How important is plastics recycling for the development of a Circular Economy? What are the opportunities and hurdles in implementing this concept?

Every year over 300m tonnes of virgin plastics are used to produce different products. It is essential that there must be recovery of a substantial portion of this quantity. Increasing amounts of e-scrap and automobile scrap will generate huge quantity of plastics. Both electronics and automobile industries have between 10-20 percent of the materials in the form of plastics. It is a huge quantity. Everyone uses plastics every day. For the successful creation of circular economy, the inclusion of plastics recycling is an absolutely must. In the metal and paper industry the interest of prime producers are directly linked to the growth of metal and paper recycling business. But with regard to plastics scrap, this is not the case. It is not in the economic interest of prime producers to encourage plastics recycling. Every tonne of recycled plastics leads to one ton less sales for the prime producers. The prime producers have huge budgets for lobby and public relationship. The plastics scrap association are very weak and less resourceful in comparison. Only the public and government push can change the scenario.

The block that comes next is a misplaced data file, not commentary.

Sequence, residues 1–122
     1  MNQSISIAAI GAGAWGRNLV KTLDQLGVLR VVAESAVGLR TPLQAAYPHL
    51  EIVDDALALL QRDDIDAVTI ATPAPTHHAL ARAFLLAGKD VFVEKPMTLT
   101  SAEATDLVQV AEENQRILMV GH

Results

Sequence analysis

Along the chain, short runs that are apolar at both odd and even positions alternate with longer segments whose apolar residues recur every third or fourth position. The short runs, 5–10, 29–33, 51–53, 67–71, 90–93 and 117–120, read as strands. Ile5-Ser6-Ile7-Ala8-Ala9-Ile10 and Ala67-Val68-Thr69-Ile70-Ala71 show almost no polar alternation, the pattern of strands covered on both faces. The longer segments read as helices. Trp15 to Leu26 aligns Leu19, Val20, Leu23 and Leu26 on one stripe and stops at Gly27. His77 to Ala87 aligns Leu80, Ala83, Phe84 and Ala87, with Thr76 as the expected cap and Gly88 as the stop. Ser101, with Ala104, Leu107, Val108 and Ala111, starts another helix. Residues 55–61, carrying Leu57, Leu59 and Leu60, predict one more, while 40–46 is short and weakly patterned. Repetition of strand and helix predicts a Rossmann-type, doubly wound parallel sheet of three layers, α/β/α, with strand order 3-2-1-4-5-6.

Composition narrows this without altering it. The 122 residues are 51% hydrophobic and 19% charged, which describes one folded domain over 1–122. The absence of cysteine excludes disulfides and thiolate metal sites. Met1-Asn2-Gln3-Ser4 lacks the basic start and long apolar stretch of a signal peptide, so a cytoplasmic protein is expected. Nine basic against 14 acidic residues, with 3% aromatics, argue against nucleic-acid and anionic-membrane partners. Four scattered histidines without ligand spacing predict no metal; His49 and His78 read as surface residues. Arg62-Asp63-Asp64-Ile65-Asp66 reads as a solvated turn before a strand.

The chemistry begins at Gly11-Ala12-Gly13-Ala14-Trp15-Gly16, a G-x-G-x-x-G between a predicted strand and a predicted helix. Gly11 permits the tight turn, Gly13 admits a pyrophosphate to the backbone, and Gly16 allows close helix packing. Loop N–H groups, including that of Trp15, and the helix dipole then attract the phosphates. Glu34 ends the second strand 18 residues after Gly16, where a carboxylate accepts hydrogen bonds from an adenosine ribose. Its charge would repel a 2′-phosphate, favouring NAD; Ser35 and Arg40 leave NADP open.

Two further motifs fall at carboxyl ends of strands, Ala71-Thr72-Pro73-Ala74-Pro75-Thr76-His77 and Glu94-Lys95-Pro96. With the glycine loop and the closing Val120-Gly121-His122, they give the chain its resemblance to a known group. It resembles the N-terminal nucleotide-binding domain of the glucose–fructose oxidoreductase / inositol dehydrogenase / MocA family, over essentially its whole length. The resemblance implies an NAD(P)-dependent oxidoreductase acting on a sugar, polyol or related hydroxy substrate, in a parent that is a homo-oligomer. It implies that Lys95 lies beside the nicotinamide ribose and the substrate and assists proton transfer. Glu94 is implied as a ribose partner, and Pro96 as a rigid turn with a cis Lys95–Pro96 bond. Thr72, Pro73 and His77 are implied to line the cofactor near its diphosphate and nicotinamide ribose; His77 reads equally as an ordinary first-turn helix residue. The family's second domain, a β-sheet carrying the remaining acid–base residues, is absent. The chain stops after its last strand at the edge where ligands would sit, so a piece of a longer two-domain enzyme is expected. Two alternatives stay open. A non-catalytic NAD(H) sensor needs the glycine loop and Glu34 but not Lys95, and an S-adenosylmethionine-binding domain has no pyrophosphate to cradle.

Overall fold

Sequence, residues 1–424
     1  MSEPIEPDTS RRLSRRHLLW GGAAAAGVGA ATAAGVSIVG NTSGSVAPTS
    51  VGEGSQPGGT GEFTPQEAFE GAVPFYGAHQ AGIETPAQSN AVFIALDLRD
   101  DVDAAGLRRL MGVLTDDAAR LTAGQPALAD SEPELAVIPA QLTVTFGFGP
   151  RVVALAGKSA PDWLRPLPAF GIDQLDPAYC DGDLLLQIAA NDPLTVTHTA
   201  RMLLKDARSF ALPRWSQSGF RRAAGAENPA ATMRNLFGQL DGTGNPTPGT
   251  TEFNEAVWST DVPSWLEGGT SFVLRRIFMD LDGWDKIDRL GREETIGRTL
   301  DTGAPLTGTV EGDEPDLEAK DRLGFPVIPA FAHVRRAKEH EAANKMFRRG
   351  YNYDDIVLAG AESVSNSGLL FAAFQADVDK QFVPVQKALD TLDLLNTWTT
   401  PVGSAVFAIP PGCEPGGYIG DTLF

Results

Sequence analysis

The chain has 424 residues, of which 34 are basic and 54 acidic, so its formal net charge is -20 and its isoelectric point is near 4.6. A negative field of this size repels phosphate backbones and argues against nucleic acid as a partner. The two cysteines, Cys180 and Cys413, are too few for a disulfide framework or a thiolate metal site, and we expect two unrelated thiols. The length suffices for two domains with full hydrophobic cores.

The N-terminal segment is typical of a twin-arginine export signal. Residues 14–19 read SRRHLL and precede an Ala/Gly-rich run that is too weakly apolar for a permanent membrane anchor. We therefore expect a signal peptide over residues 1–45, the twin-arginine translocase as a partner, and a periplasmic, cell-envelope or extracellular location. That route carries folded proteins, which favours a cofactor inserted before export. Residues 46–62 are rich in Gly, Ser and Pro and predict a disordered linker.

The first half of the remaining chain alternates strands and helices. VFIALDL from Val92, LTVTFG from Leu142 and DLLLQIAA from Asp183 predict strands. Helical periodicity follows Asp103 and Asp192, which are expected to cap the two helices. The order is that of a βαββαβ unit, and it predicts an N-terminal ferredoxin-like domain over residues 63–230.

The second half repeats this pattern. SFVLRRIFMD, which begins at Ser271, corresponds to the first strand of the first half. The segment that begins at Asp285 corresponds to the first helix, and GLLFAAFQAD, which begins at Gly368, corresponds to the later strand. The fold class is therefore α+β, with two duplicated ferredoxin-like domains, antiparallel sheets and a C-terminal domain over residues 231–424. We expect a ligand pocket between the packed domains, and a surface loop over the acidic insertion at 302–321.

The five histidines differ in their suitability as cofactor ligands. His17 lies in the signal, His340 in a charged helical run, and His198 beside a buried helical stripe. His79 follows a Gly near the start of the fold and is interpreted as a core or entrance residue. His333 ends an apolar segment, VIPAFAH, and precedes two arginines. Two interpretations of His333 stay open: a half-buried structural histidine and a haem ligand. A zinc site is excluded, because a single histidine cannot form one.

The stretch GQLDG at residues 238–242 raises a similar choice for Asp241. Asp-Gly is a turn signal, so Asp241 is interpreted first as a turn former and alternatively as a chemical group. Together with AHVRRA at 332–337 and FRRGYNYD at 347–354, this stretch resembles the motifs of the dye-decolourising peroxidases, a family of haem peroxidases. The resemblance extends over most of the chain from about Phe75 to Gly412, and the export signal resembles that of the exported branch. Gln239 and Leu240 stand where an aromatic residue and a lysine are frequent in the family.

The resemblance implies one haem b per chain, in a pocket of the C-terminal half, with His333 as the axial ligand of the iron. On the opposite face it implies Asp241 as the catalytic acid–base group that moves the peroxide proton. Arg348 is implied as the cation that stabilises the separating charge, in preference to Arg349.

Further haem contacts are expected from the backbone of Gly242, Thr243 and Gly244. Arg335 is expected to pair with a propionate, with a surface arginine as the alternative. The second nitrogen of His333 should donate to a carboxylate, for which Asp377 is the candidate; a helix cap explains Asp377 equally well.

Do you think public private partnership model will help in the growth of the plastic recycling industry?

In this developing world, there is paramount need to establish public private partnership. This is a very fertile ground to inculcate the benefits of recycling in the minds of authorities. Such a model is a beautiful combination of social responsibility and financial gains. The government can provide land at subsidised rate; the government can provide collection infrastructure and can also enforce discipline in household waste handling. The private enterprise in turn will process it in the most economical way for financial gain.

What are the changes one can expect in this sector in the near future, and what is your advice for the companies present in this sector and aspiring entrepreneurs?